• Refrigerating: transfer the crackers into an airtight container and refrigerate for up to 1 month.
  • Freezing: transfer the crackers into an airtight container and freeze for up to 3 months. 

MORE SEED CRACKERS RECIPES

If you are looking to switch things up, I have a plenty of seed cracker recipes on the blog:

  • Flackers: crackers made entirely from whole flax seeds. They are nutty and incredibly crunchy – similar to sesame brittle but without the sweetness. 
  • Nut & seed crackers: my absolute favorite seed crackers. Nutty, crunchy, and because the main binder is psyllium – a strong binder – the crackers are also very sturdy.
  • Seed crackers: the flavor of these crackers is very similar to these nut & seed crackers – neutral and slightly nutty. However, the texture is very different – these seed crackers are light and delicate (while nut & seed crackers are quite sturdy).
  • Chia seed crackers: if you’re looking for seed crackers with a bread-like texture, this recipe is it! These crackers have a slightly sweet, nutty flavor and a crunchy, bread-like texture. They are also sturdy enough to scoop up the thickest dip.

If you try any of these recipes, please, leave a comment and rate the recipe below. It always means a lot when you do.

flax crackers from flaxseeds
4.91 from 10 votes

Flaxseed Crackers

Prep Time: 10 minutes
Cook Time: 20 minutes
Total Time: 30 minutes
Yield: 40 crackers
These flaxseed crackers are nutty, crispy, and crunchy.  Since they contain nothing but flax seeds, you can really make them exactly to your taste. These crackers are vegan (dairy-free, egg-free), grain-free (gluten-free), soy-free, nut-free, and refined sugar-free.

Ingredients
 

  • 1 cup (112 g) flaxseed meal, *
  • 1/2 cup (120 ml) water
  • 1/2 tsp. (2.9 g) salt

Instructions
 

  • Preheat the oven. Arrange a rack in the middle of the oven. Heat the oven to 350°F/180°C.
  • Mix. Add the flaxseed meal, salt, and water into a medium bowl and mix until well combined. The dough will be wet and sticky at first, but as the flaxseed meal absorbs all the water, the dough will become drier. The dough will always be slightly sticky, but it should be easy to handle. If it's too sticky or wet, sprinkle a little bit more flaxseed meal onto the dough to dry it out. Form the dough into a ball.
  • Roll out the dough. Place the dough between two pieces of parchment paper and flatten it with the palm of your hand. Place the center of your rolling pin on the center of the disk. Press firmly into the dough, rolling towards yourself and away from you. Repeat until the dough is about ⅛ inch/3 mm thin. The fine texture of the flaxseed meal will allow you to roll the dough out as thin or as thick as you like. Thinner crackers cook faster and become crispier. However, they are also more delicate and prone to breaking. Thicker crackers are better for scooping up dips. Regardless of the thickness, make sure the crackers are rolled out evenly, so the crackers bake at the same rate.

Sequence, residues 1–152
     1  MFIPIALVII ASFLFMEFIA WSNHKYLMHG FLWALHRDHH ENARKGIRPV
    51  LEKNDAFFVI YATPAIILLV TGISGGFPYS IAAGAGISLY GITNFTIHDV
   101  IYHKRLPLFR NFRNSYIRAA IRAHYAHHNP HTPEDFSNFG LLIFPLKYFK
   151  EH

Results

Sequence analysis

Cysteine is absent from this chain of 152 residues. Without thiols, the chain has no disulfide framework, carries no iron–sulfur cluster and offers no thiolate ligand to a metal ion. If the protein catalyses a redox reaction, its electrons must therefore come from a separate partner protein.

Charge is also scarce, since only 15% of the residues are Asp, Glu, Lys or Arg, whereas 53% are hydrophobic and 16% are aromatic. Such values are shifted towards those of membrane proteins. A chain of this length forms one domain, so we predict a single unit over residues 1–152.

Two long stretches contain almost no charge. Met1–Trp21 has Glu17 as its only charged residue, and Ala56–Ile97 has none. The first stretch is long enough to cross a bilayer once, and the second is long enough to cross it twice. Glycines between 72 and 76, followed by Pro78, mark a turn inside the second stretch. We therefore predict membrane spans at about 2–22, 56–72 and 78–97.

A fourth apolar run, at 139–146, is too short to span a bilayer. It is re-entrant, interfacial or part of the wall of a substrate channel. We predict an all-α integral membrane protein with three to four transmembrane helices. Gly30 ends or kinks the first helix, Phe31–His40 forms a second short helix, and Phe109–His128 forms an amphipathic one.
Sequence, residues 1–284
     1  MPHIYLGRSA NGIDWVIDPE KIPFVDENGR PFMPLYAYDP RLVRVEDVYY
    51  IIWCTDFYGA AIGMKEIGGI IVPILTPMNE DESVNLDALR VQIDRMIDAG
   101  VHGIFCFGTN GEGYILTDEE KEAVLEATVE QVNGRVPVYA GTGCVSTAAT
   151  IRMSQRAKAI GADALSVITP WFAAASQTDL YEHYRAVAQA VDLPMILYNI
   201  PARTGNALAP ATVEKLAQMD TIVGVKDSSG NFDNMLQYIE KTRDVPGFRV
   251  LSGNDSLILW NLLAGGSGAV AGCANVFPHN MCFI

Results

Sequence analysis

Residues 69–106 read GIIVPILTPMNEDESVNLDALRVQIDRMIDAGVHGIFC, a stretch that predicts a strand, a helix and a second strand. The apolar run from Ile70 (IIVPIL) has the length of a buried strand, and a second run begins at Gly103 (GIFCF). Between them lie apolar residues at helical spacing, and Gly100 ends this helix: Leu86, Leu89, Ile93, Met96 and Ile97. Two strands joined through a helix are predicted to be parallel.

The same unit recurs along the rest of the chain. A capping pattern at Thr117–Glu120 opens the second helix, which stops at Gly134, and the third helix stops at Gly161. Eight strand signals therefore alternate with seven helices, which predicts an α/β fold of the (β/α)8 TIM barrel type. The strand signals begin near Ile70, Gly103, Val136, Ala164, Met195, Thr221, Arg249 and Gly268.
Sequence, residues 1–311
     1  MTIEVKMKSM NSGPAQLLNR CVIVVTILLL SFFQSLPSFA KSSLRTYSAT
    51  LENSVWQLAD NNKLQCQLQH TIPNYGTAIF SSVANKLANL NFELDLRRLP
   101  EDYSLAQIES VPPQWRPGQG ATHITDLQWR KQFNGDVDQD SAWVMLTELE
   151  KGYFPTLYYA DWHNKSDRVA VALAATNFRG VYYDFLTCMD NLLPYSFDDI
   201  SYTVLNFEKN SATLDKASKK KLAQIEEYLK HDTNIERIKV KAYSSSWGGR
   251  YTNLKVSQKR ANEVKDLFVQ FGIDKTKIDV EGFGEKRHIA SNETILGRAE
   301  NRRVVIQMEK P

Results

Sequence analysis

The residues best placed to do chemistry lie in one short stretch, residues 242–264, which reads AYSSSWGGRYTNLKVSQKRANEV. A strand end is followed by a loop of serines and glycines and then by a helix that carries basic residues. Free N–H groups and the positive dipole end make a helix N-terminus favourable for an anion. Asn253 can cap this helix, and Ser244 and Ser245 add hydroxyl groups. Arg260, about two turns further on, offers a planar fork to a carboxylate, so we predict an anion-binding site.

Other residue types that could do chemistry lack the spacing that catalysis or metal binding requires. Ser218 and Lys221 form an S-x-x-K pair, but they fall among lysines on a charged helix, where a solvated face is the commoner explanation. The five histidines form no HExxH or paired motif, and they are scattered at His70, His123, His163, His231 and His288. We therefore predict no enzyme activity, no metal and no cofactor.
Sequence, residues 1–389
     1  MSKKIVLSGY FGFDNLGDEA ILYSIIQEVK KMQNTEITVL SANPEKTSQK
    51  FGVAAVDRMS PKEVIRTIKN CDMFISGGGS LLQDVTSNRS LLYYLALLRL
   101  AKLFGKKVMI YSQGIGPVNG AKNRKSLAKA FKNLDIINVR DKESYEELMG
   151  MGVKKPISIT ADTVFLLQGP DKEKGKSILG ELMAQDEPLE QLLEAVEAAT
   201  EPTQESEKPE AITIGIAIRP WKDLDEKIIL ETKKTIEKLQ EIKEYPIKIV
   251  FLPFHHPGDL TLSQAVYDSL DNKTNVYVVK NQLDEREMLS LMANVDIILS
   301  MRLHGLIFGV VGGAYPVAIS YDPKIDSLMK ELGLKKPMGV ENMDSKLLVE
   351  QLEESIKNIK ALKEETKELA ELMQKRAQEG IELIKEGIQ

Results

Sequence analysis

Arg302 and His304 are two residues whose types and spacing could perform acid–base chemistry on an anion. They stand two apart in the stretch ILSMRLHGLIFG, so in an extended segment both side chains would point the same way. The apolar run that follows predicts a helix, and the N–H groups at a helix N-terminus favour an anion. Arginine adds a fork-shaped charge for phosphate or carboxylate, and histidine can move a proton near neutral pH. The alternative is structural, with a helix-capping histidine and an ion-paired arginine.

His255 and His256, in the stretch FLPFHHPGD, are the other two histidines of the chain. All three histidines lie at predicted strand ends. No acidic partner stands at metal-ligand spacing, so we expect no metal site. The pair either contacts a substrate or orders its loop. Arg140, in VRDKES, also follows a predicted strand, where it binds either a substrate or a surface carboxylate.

• Score the dough. Peel off the top layer of parchment paper. Using a knife or a pizza cutter, score the dough into any shapes you like. I cut the flaxseed crackers into squares, but it's up to you. You can also use cookie cutters for more interesting shapes.
  • Bake. Carefully slide the dough (with the bottom layer of parchment paper) onto a large baking sheet and bake until crispy and golden brown, 20-25 minutes, flipping halfway through baking**. I recommend checking the crackers every 5 minutes after the first 15 minutes of baking. If your crackers are thinner than mine, they will bake faster. Also, the crackers on the outside edges of the baking sheet will brown quicker than the ones in the center and crackers at the back of the oven may turn golden sooner than the ones at the front. So, rotate the baking sheet during baking to even out the browning. If you find that most of the crackers are cooked through but a few right in the center are a little soft, bake those few again until they have dried out more, about 5 minutes. 
  • Cool. Transfer the baked “cracker” onto a cooling rack, so air can circulate and no condensation takes hold. The higher the baking temperature, the more condensation can form. Once cool, break the cracker along the scored lines.
  • Store. Leftover chia seed crackers keep well in an airtight container in a cool, dry, and dark place for up to 1 week (or in the refrigerator for up to 1 month). For longer term storage, freeze in an airtight container for up to 3 months.

Notes

*I used golden flax seeds because they have a more subtle flavor and lighter color than brown flax seeds. I like to grind my own flax seeds into flaxseed meal, but you can store-bought flaxseed meal.
**The easiest way to flip the cracker is to slide the parchment paper from the baking sheet onto a big cutting board. Then cover the cutting board with the baking sheet and flip the cutting board over.
***Nutrition information is approximate and may contain errors. Please, feel free to make your own calculations.

Nutrition

Serving: 1of 40, Calories: 21kcal, Carbohydrates: 1g, Protein: 1g, Fat: 2g, Fiber: 1g, Sugar: 0g